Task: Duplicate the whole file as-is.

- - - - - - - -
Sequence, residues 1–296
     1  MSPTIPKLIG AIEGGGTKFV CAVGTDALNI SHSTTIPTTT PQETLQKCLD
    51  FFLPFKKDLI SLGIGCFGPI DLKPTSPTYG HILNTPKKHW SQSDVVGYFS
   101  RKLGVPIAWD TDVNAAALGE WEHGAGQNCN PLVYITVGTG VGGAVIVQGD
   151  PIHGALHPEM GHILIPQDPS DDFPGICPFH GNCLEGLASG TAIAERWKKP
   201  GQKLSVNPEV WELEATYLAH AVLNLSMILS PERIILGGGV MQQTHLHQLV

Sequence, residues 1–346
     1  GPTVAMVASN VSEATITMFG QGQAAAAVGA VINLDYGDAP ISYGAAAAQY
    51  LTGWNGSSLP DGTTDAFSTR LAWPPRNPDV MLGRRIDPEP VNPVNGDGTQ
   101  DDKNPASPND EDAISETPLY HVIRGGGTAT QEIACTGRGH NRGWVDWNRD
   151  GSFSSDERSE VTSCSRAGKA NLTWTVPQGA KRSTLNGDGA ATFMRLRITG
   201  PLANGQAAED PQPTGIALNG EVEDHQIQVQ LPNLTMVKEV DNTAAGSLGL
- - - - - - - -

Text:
Sequence, residues 1–296
     1  MSPTIPKLIG AIEGGGTKFV CAVGTDALNI SHSTTIPTTT PQETLQKCLD
    51  FFLPFKKDLI SLGIGCFGPI DLKPTSPTYG HILNTPKKHW SQSDVVGYFS
   101  RKLGVPIAWD TDVNAAALGE WEHGAGQNCN PLVYITVGTG VGGAVIVQGD
   151  PIHGALHPEM GHILIPQDPS DDFPGICPFH GNCLEGLASG TAIAERWKKP
   201  GQKLSVNPEV WELEATYLAH AVLNLSMILS PERIILGGGV MQQTHLHQLV

Sequence, residues 1–346
     1  GPTVAMVASN VSEATITMFG QGQAAAAVGA VINLDYGDAP ISYGAAAAQY
    51  LTGWNGSSLP DGTTDAFSTR LAWPPRNPDV MLGRRIDPEP VNPVNGDGTQ
   101  DDKNPASPND EDAISETPLY HVIRGGGTAT QEIACTGRGH NRGWVDWNRD
   151  GSFSSDERSE VTSCSRAGKA NLTWTVPQGA KRSTLNGDGA ATFMRLRITG
   201  PLANGQAAED PQPTGIALNG EVEDHQIQVQ LPNLTMVKEV DNTAAGSLGL